4 Tips to Surviving your Hardest Classes

September 26, 2018 McGraw-Hill Higher Education

We all know the feeling. We studied for five hours a night, and all last week for an upcoming exam. Every second when we weren’t working, or in class was devoted to mastering the class material.

We drank coffee, we ate vending machine food from the library, and we hardly slept. All this preparation just to open the test and to be completely lost.

This is the reality for a lot of us. We are challenged in college for the first time. To me, high school did not properly prepare us for exams and course work that comes with going to a university. We did not learn how to properly prepare for exams. As a senior who has taken their fair share of daunting classes, I want to assure you there is a way to succeed in these tough classes, and it is probably easier than you think.

Properly preparing yourself for the challenge ahead is half of the battle. Here are a few good ground rules to consider when enrolling in an intimidating class:

1. Know what you are getting in to.

A lot of time, the hardest classes are meant as “weed-out,” or classes that cause those who aren’t concrete in their chosen degree path to switch majors. For engineering, this class could be Physics or Differential Equations. For pre-med majors, this could be Biological Chemistry. These classes will be hard. If they weren’t, everybody would be engineers and doctors.

2. Be attentive and ask questions.

You hear this all the time in college, “No question is a dumb question.” In a lecture hall of more than 100 of your classmates, if something during class confuses you, it’s likely that 30 other people are confused too. Being confident enough in yourself to admit you don’t understand something is a something a lot of us struggle with. So, just ask! Ask the question and take great notes on the answer.

3. Make friends in class.

This saved me in one of my tough Business Law classes. While most professors are great, there is nothing like having a conversation with another student regarding your coursework. Having a study group of friends with different techniques to studying will help you master the material. Everybody takes notes differently, so being able to compare and take highlights from other student’s notes will help you master the material faster.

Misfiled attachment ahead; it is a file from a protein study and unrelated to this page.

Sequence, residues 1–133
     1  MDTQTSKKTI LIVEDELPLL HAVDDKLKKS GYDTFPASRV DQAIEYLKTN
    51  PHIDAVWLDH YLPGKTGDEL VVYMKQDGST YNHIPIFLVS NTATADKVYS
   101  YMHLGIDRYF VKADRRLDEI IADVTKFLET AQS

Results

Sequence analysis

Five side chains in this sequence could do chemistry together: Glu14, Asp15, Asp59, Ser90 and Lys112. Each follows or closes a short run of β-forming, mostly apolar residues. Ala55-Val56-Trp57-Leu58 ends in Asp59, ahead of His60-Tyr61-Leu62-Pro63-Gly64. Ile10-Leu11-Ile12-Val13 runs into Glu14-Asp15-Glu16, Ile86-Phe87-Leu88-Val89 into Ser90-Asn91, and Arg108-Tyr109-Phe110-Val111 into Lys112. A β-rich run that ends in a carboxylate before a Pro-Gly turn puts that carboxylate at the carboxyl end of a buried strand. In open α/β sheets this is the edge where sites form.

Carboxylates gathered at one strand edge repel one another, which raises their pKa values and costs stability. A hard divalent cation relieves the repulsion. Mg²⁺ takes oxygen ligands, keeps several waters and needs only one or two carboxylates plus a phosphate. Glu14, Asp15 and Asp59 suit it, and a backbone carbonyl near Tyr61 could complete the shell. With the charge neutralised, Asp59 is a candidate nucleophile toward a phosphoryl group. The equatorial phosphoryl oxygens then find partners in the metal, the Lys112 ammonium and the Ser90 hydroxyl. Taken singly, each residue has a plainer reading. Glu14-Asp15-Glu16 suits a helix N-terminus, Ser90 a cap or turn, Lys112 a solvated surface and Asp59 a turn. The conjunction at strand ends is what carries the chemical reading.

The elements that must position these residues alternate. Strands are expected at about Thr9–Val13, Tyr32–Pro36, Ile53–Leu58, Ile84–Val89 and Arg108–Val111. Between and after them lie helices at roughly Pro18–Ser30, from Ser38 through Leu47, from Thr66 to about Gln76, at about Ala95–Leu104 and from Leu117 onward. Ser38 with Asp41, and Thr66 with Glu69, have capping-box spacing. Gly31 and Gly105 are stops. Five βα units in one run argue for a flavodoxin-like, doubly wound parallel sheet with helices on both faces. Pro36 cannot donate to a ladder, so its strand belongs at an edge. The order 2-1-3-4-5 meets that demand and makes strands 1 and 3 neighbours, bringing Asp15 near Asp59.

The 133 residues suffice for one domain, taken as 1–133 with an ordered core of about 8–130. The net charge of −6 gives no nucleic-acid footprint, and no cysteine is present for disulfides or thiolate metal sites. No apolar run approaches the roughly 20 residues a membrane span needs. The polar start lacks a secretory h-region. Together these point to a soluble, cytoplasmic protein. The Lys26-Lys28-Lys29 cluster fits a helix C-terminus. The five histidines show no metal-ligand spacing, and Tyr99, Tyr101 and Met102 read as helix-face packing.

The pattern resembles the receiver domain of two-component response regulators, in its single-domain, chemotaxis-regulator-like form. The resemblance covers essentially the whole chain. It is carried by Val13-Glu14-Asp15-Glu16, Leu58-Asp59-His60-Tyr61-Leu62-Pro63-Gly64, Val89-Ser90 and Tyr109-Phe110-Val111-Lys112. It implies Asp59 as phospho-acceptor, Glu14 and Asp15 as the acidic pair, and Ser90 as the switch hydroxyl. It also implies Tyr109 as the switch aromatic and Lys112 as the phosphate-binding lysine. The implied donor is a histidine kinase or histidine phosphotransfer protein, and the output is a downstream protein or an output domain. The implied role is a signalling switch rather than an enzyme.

4. Utilize tutoring and office hours.

In college, tutoring doesn’t have the negative connotation it may have had in high school. Like I mentioned above, we learn well when another person teaches the material. If your school offers class specific tutoring — most do — take advantage of it! Along these same lines, take advantage of your professor’s office hours. At the very least, go in and introduce yourself and talk a little about what you want to take away from the class. This simple conversation has been the deciding factor whether my professor was going to raise my 89.3 up to a 90 or not.

These tips are meant to be a basis for how to succeed in tough classes. Stuff I didn’t mention are more obvious lessons: try hard, go to class, and take notes. Though, these should be obvious, there is always a student who can’t figure out why he or she is doing poorly on tests, yet never goes to class on Friday. Don’t be that student.

Alec Hildreth is a Senior at Kansas State University studying Business Marketing and Political Science.

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